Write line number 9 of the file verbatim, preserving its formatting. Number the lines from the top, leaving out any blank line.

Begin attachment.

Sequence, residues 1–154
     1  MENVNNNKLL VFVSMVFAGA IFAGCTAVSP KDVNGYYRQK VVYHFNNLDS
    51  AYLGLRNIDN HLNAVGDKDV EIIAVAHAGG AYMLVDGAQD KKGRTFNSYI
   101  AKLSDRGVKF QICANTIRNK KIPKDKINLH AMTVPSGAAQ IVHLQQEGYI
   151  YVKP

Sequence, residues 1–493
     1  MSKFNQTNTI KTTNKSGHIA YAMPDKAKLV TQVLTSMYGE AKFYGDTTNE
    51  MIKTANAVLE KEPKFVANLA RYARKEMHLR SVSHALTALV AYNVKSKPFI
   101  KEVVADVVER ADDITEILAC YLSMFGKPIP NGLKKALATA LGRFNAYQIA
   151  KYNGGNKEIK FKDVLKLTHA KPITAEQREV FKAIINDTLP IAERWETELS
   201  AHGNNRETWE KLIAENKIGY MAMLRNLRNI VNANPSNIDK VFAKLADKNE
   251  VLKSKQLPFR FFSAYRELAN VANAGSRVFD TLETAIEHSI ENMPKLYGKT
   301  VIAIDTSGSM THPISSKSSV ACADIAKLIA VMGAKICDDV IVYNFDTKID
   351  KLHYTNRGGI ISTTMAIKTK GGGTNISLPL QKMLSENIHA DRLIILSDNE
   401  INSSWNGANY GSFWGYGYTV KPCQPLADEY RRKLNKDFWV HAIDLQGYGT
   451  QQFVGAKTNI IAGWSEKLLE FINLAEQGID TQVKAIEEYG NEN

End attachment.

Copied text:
   101  KEVVADVVER ADDITEILAC YLSMFGKPIP NGLKKALATA LGRFNAYQIA